Back to basics: Bill, I am old enough to have read the Paul Williams/Brian Wilson interviews as they came out in Crawdaddy way back in the ’60s. I have never been much of a joiner, so I never found myself in with the camp of Beach Boys fans that had access to unreleased tapes.
I remember when there were no raw SMiLE recordings, years before the release of material on the GOOD VIBRATIONS boxed set (1993). Once upon a time, if you wanted SMiLE, you made your own cassette from Beach Boys albums. This was my cassette version:
• Good Vibrations (single, 1966)
• You’re Welcome (single, 1967)
• Heroes And Villains (single, 1967)
• Wind Chimes (SMILEY SMiLE, 1967)
• Vegetables (SMILEY SMiLE, 1967)
• Wonderful (SMILEY SMiLE, 1967)
• Cabinessence (20/20, 1969)
• Our Prayer (20/20, 1969)
• Cool Cool Water (SUNFLOWER, 1970)
• Surf’s Up/Child Is The Father To The Man (SURF’S UP, 1971)
Even that tape was marvelous—I impressed a lot of non-Beach Boys fans with that compilation. And, of course, it only hinted at the sublime power that was/is SMiLE!
The first bootlegs with actual 1966-67 recordings that found their way into collectors’ hands in the ’80s were manna sent from above by Wholly Grommett!
But I’m digressing and babbling. Your turn.
BT: Your cassette tape version of SMiLE was very similar to the earliest SMiLE bootlegs. Cool. Think I may have found my first bootleg in New Haven. After that, I would go to New York City to find them. This was back when there were still record stores.
Like you, I’d put together homemade versions of SMiLE on cassette. If you reduced the cover of Look! Listen! Vibrate! Smile! on a copy machine, the smaller image fits perfectly into a cassette case. I made loads of homemade versions, trying out idea after idea. Think I probably spent more money on cassette tapes than bootlegs.
NU: Yeah yeah yeah! I went from cheap cassettes to chrome this and oxide that and Dolby I and II and probably would have moved on to DAT if the record companies had allowed me to!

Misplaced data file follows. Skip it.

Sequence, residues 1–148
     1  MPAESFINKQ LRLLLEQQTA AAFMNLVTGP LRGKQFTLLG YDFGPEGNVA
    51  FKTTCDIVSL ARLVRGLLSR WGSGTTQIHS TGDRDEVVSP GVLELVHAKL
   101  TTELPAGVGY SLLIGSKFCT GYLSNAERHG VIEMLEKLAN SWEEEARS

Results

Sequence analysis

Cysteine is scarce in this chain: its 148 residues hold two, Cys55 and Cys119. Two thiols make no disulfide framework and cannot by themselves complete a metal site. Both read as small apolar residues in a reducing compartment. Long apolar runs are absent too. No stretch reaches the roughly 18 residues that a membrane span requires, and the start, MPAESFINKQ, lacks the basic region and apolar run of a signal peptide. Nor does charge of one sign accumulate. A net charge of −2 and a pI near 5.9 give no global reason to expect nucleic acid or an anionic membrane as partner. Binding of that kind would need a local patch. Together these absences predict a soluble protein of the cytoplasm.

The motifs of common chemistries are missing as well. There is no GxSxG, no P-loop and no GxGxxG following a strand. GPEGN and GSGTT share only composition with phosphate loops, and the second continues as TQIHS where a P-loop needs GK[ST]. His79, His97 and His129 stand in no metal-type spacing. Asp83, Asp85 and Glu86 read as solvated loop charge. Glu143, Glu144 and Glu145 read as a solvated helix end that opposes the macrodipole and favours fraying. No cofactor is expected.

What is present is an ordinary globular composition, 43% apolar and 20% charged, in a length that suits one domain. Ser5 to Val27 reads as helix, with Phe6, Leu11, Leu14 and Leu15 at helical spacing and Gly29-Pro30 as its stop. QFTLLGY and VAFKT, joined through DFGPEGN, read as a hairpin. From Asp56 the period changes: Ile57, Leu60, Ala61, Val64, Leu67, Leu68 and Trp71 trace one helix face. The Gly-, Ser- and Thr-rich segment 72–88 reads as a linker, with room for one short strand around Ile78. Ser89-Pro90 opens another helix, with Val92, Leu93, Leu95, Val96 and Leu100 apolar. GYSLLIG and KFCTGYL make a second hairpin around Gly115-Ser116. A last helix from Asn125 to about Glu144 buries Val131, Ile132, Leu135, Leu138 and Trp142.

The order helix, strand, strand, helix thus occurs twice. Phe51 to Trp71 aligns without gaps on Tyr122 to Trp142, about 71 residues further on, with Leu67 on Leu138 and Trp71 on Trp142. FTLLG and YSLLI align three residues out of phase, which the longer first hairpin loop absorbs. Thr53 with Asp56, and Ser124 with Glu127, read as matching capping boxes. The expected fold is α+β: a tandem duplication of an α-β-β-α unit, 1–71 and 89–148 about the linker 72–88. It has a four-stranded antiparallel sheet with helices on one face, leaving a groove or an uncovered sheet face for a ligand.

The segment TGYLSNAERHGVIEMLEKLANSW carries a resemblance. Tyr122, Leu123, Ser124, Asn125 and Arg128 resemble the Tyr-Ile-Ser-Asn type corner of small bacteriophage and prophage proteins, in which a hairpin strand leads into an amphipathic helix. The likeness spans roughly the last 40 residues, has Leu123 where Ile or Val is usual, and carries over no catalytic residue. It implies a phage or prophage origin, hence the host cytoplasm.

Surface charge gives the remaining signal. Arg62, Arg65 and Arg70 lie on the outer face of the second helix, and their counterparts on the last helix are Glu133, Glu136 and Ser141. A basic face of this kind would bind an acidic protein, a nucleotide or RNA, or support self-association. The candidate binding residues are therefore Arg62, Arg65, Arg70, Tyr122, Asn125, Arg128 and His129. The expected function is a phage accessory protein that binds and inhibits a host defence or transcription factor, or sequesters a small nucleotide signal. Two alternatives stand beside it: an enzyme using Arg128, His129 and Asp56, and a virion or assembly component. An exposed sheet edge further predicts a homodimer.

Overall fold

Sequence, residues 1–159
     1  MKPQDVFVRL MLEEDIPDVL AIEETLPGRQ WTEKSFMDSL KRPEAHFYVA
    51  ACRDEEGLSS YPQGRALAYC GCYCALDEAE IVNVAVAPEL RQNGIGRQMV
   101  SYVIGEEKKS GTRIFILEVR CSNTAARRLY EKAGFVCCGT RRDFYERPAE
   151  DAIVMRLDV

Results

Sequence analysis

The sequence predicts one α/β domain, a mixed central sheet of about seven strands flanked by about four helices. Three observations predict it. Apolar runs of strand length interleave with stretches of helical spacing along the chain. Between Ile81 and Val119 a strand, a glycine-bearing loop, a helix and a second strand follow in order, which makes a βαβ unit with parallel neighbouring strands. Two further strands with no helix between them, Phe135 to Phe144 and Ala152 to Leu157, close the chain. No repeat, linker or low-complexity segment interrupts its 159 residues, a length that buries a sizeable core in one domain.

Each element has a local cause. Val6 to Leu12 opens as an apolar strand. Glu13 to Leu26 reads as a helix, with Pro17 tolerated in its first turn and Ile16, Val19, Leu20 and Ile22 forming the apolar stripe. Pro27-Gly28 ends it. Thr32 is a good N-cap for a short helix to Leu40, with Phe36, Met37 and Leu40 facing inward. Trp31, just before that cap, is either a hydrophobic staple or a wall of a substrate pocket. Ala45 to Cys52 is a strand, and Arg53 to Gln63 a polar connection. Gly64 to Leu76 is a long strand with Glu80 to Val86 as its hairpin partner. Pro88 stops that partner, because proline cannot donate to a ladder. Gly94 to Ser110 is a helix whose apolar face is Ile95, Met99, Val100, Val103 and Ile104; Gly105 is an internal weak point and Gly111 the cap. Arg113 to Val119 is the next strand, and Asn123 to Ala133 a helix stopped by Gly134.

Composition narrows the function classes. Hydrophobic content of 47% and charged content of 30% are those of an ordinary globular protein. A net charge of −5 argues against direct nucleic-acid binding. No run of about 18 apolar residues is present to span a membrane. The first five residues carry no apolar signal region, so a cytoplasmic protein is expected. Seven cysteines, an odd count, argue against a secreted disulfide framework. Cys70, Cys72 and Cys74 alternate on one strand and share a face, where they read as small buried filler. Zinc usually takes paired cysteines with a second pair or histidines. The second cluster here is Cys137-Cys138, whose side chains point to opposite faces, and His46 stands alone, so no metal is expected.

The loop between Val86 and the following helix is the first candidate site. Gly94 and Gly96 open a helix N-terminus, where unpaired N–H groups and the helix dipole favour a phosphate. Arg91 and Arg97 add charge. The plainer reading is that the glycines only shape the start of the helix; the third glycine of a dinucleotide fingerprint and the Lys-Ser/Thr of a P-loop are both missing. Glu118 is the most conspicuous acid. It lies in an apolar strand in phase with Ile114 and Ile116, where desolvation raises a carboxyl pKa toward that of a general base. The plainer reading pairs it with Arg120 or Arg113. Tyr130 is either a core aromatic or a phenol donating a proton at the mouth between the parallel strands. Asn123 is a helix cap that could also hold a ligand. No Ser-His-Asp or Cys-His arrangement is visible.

By this time, Tobelman and Umphred were all smiled out and we simply ended the correspondence so that we could take a break and pursue other endeavors while I made sense of the emails.
Outlaw Blues (Dutton, 1969) collected the lengthy conversation between Paul Williams and David Anderle into book form, preserving a dialog that would have been lost as Crawdaddy magazine’s position of eminence was supplanted by Rolling Stone.
Turn on and tune in to vegetables
In the ’60s, Brian was turned on to the healthful benefits of good food—especially vegetables. Not only did he write a song about them (Vegetables), but he eventually became part owner in a health food store, the Radiant Radish (1969-70). He seemed genuinely concerned about other people’s well-being: “I want people to turn on to vegetables, good natural food, organic food—health is an important ingredient in spiritual enlightenment.”
Alas, Brian went on to have a gawdawful diet that became a focus of media attention for years, along with his decayed state of being in general. But in 1966-67, he was on top of the world and preparing that world for his greatest creation, SMiLE. And Bill and I keep jabbering away about it forty-odd years later!
NU: Well, nothing will ever replace what the album could have been in 1967, but this is close. I thought everyone involved did a brilliant job, technically and aesthetically. And, of course, the music is still won-won-wonderful. But I did find the five-disc boxed set overwhelming!
The material could have been released on separate CDs, perhaps in order of completeness or importance. That way, for someone who bought the essential CD (something that resembled the intended 1967 album) and liked it, he could then buy one more disc of outtakes, alternative tracks, etc. A real fan could then purchase the next disc, which would perhaps be of secondary, if not merely historical, interest.
But, who the hellzapoppin’ am I to complain, right? It’s here and it’s great and it’s near-perfect enough that the supposed experts at Rolling Stone placed it at #381 on their 500 Greatest Albums of All Time.
The Rolling Stone list would have made some sense had the albums been listed chronologically without a numerical order. Their hierarchical order that ranks superiority is so farcical that it seems like they could have written the records on pieces of paper, thrown them in a hat, and pulled them out willy-nilly. But that’s another story, so let’s get back to the topic of concern.
BT: You have a firm foundation of preconceptions about SMiLE.
NU: I don’t understand this statement—please restate differently. I am leaning more and more towards just publishing this as is and letting readers make of it what they will: especially you and I trying to make me understand your argument.